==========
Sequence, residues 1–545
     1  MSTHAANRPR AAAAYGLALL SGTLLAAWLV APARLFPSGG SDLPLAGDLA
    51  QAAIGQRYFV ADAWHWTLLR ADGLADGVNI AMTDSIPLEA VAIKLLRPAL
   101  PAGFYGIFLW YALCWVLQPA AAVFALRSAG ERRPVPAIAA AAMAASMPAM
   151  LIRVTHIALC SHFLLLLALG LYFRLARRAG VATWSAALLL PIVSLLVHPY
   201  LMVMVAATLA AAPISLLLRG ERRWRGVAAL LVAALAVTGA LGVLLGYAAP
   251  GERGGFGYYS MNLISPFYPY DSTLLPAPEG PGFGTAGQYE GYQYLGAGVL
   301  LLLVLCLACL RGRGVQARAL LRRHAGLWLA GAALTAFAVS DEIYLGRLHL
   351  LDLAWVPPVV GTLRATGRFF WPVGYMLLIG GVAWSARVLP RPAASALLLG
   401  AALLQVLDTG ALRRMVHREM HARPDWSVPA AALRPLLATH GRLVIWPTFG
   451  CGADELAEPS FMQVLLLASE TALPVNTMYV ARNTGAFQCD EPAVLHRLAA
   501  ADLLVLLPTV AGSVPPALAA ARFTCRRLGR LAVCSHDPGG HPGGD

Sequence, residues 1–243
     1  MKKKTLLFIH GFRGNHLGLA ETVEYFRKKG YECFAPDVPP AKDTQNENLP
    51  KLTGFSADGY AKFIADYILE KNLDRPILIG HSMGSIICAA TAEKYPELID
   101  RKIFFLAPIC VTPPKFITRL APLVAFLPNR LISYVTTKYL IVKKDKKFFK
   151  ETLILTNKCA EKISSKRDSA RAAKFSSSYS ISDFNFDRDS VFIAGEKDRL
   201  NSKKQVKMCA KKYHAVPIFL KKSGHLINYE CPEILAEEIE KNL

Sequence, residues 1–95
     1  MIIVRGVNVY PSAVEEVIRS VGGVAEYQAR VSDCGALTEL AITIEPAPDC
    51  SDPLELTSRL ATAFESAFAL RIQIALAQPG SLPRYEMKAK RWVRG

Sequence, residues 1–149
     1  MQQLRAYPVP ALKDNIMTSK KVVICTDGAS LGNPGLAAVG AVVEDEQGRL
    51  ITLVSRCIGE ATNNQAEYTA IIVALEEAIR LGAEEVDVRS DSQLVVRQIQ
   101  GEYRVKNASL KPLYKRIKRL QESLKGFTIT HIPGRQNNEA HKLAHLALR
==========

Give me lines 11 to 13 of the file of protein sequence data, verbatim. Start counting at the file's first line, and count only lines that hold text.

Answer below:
   451  CGADELAEPS FMQVLLLASE TALPVNTMYV ARNTGAFQCD EPAVLHRLAA
   501  ADLLVLLPTV AGSVPPALAA ARFTCRRLGR LAVCSHDPGG HPGGD

Sequence, residues 1–243